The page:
1817-05-08; William Hone to John Hunt;
British Library, Add. MS 38108, f. 189.
A long and grateful note to Hunt for various good services regarding Hone's arrest and imprisonment.
Published: Kent & Ewen, 345-46.
1817-06-06; Alexander Galloway to William Hone;
University College, Ogden MSS. 74, f. 28.
Galloway, a long-time acquaintance, is working with Hone to develop some mode of assistance to the wives and families of imprisoned radicals.
1817-06-26; William Hone to Francis Place;
British Library, Add. MS 37949, f. 46.
Hone is concerned with trial of T. J. Wooler; something has gone awry with a shorthand writer for Wooler's trial.
Published: Kent & Ewen, 346.
1817-07-03; Major Cartwright to William Hone;
British Library, Add. MS 40120, ff. 61-62.
Cartwright requests a meeting with Hone to discuss a probable government entrapment scheme intended to tempt radical publishers into libellous publications and then arresting them.
1817-08-08; William Hone to Richard Carlile;
Hackwood, p. 116. Location of original unknown.
Hone asks for an interview with Carlile, having just heard that he plans to republish Hone's parodies. (Most likely, Hone wishes to stop Carlile's publication.)
Published: Hackwood, p. 116.
1817-11-22; Charles Pearson to William Hone;
British Library, Add. MS 40120, ff. 69-70.
Pearson, a solicitor, has received notices regarding Hone's trial; he volunteers his support and assistance.
1817-11-23; William Hone to Attorney General Samuel Shepherd;
Public Record Office (PRO), Kew, TS/11/44, book 164, ff. 95v-97r.
A detailed explanation of Hone's position regarding his forthcoming trials; Hone offers to withhold sale and destroy copies of remaining parodies if trial stopped.
1817-11-23; William Hone to Attorney General Samuel Shepherd;
British Library, Add. MS 40120, f. 73.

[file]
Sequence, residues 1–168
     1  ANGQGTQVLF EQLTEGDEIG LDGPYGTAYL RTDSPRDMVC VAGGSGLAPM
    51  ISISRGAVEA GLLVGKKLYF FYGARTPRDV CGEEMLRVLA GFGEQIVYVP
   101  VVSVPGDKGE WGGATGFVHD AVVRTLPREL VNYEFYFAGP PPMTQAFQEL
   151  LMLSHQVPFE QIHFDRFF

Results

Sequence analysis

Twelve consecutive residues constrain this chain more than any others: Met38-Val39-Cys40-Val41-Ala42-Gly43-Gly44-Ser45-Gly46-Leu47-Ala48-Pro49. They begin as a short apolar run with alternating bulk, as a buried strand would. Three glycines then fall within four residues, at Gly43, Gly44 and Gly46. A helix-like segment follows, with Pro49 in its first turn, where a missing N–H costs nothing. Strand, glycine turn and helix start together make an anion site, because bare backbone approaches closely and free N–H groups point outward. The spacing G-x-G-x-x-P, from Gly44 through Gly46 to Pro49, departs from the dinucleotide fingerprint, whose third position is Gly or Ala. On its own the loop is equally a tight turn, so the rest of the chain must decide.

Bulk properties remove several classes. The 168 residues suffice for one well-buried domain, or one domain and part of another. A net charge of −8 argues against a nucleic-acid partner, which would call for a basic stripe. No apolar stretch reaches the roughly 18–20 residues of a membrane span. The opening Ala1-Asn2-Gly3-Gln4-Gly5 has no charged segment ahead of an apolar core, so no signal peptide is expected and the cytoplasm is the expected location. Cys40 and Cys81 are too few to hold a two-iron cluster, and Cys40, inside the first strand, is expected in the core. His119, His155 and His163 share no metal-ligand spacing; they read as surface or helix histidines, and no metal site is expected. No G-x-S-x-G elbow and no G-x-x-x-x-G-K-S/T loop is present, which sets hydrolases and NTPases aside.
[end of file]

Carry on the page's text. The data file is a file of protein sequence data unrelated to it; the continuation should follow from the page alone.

draft of PRO letter of the same date (see above).
Published: Kent & Ewen, p. 347.
1817-11-27; Samuel Shepherd to William Hone;
British Library, Add. MS 40120, ff. 74-75.
Shepherd's diplomatic reply to Hone's concern that he was mistakenly being held accountable for pirated copies of his parodies.
1817-12-15; William Hone to Attorney General Samuel Shepherd;
Public Record Office (PRO), Kew, TS/11/44, book 164, ff. 104v-105r.
Hone inquires about the order of his forthcoming trials—which work will be tried first?
1817-12-15; Samuel Shepherd to William Hone;
British Library, Add. MS 40120, ff. 76-77.
In reply to Hone's query (see above), Shepherd still uncertain about exact date of the trial, but tells Hone that he plans to try the Catechism first.
1817-12-23; William Hone to The Times;
An open letter to The Times in which Hone dissociates himself from any further publication of the liturgical Parodies, and discourages other printers from the same. [Hone received some criticism for this notice which seemed to undermine the position he had taken during his recent trials.]
Published: The Times, 24 December, 1817, p. 3.
1818-01-23; Prefatory "Address" to the 1818 edition of Three Trials;
Hone's prefatory Address to his edition of the Three Trials published in 1818. The Address presents Hone's difficult position of repudiating the publication of his own parodies while not undermining his argument against the government; Hone also sets forth his plans for his printing and bookselling enterprise and offers the first public announcement of his never completed History of Parody.
Published: The Three Trials of William Hone, London: Hone, 1818. pp. iii-iv.
1818-02-13; William Godwin to Joseph Planter;
Hone Collection, Adelphi, Series 1C, Bx 4, fol. 2.
Request from Godwin to Joseph Planter of the British Library requesting that Hone be granted admission to that institution.
1818-02-27; Alexander Galloway to William Hone;
University College, Ogden MSS. 74, f. 22.
An incidental note in which Galloway offers admiring comments about Hone's wife Sarah.
1818-04-24; Sarah Hone [sister?] to William Hone;
British Library, Add. MS 50746, ff. 5-6.
Familiar family-oriented letter most likely from Hone's sister Sarah (b. 1796) who was visiting relatives in the Bristol/Bath area.
1818-07-22; William Hone to William Upcott;
John Rylands University Library, Manchester, MS. 725, vol. 4.
Notes on Hone's forthcoming publication of the Three Trials.
Published: Kent & Ewen, 348.